This book is about Alice, a nineteen year old colle
Feb 09, 2018 rated it it was amazing
Jan 23, 2018 rated it liked it
Ah, what can I say? Never before have I wanted to rate a book 3.5 stars more than now. I don’t do .5 ratings because Goodreads and Amazon don’t work that way, but if I could I would’ve for this novel. Let’s Talk About Love is everything the book promises to be – it’s about Alice, an asexual main character who is trying to figure out her sexuality, her future, and how everything in her life fits into who she is becoming.

I think I’m going to try and address what is the main focus in this novel, an
4.5* Let's Talk About Love made my heart squee. It gave me all of the happy, fuzzy feelings. With it's wonderful exploration of asexuality, witty dialogue, loveable characters and addictive relationships, I couldn't recommend it more highly.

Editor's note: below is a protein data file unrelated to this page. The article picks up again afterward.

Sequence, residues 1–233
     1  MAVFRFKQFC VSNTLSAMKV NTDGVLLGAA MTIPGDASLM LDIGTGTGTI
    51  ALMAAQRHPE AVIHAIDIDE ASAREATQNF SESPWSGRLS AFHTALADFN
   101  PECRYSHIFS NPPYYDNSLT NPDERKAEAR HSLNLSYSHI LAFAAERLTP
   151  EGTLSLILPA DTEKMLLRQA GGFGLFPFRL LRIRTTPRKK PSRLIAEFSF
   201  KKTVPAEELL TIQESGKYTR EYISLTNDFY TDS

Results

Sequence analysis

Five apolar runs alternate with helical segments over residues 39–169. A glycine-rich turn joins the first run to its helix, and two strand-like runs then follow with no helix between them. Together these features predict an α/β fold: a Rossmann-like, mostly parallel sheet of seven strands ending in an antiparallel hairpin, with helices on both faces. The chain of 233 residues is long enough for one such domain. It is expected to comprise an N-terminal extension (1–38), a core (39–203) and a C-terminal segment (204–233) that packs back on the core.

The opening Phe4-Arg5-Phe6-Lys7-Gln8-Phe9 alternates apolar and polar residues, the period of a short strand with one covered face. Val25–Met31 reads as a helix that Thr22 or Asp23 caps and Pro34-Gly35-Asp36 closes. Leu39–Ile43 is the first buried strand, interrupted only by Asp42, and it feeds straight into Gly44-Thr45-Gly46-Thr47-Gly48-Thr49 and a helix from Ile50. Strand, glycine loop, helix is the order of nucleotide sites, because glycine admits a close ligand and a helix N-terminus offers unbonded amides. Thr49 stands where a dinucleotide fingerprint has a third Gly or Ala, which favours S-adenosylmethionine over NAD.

I absolutely adored Alice and Takumi and there are passages I'm sure I could read one hundred times over and never get bored. I LOVED the fact that this focused on an older teen/young adult and the fact that she didn't have her life 100% put together and sor
Trigger warnings: aphobia, creepy af dudes at parties, some seriously mediocre parenting?

I stand by everything I said last time. The end.

This book. This book, this book, this book. I've been dying to read this book for over a year now, and words cannot describe how much I squealed when it arrived on my Kindle the other day.

This book tells the story of a biromantic, asexual African-American girl who's crushing on her Asian-American coworker. She works in a library. She fangirls
Sara ➽ Ink Is My Sword